Like many nations around the world, Canada has a history of prion disease and prion mismanagement. Chronic wasting disease among wildlife and mad cow disease among livestock are just two examples. The nation has all but given up on the war against CWD.

Prion-tainted growth hormones obtained from cadavers were injected into people around the world, including Canada, several years ago. In 2013, three people showed up in emergency rooms in British Columbia on the same day–all with symptoms similar to what has been found recently in New Brunswick. One of those victims definitely had CJD, while the others have been swept under the rug.

Today, the nation is dumping prion-laced infectious waste on open lands across rural Canada. Because of the infectious nature of prion disease, infectious waste (past and present) is part of the story in New Brunswick, British Columbia or anywhere else affected by prion disease.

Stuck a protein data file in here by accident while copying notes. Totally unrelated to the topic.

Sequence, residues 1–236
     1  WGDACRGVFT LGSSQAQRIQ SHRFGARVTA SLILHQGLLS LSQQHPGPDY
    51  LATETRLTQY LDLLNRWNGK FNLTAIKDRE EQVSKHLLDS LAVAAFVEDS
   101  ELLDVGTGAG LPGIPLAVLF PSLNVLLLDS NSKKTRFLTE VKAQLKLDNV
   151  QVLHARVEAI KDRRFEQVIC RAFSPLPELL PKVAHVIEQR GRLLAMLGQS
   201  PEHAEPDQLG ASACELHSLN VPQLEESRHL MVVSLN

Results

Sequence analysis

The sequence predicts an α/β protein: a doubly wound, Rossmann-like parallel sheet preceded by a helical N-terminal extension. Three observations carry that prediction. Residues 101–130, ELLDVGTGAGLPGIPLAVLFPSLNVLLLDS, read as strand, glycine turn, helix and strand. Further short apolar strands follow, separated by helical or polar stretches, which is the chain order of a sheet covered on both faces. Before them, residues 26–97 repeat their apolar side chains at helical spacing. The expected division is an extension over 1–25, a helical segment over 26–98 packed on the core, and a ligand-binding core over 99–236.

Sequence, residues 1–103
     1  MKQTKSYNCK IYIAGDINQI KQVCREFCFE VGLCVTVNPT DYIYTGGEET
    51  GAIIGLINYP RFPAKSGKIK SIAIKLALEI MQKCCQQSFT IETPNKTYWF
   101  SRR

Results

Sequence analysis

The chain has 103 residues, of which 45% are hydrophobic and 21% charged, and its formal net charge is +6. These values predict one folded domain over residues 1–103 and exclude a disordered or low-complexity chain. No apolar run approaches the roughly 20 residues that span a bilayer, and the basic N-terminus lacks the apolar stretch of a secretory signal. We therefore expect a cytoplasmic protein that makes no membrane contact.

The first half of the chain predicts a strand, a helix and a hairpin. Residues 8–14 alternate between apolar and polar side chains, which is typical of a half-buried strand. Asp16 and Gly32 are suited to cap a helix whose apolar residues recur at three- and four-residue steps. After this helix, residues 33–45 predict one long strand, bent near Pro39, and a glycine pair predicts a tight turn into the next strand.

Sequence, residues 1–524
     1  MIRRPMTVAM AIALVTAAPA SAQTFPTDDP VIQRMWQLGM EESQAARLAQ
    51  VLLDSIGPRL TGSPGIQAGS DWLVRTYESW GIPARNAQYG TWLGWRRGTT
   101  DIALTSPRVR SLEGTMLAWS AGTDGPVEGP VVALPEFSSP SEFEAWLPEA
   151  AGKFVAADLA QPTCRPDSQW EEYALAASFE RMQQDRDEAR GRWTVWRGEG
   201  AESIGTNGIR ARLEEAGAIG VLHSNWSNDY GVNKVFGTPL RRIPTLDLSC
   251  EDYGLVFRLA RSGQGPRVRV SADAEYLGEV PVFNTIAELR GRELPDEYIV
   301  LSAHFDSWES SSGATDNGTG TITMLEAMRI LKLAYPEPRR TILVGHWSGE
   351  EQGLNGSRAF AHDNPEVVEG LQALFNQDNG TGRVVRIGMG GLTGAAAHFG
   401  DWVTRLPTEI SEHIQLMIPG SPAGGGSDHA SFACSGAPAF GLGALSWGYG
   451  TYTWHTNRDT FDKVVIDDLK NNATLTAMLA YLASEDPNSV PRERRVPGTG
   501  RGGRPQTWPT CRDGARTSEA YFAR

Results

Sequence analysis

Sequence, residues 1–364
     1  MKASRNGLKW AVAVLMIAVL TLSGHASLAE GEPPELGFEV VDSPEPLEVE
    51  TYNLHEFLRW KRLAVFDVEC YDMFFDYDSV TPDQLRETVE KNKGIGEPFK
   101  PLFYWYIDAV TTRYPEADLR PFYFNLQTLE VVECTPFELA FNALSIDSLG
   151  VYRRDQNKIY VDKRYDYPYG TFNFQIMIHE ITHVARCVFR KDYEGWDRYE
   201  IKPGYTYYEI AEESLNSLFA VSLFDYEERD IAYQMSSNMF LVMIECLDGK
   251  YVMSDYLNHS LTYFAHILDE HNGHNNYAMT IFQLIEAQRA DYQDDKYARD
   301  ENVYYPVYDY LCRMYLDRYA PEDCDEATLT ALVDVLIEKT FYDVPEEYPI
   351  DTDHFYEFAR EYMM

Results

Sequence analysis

The cases in New brunswick are not genetic, said neurologist Alier Marrero of Moncton’s Dr. Georges-L.-Dumont University Hospital Centre. A neurotoxin appears to be responsible for the surge, which means that it is still a threat to humans, livestock and wildlife. Canadian authorities have provided little information about the victims although they have indicated that the disease affects people of all ages.

Yvonne Godin, mayor of a small town in the Acadian Peninsula, said the lack of public information is causing concern. She wants to know the cause of this disease as soon as possible.

“We don’t know where this is coming from,” but the leading hypothesis so far is that it’s environmental, Marrero said. “We believe it is acquired from exposure to something in the environment—food, water, neurotoxins.”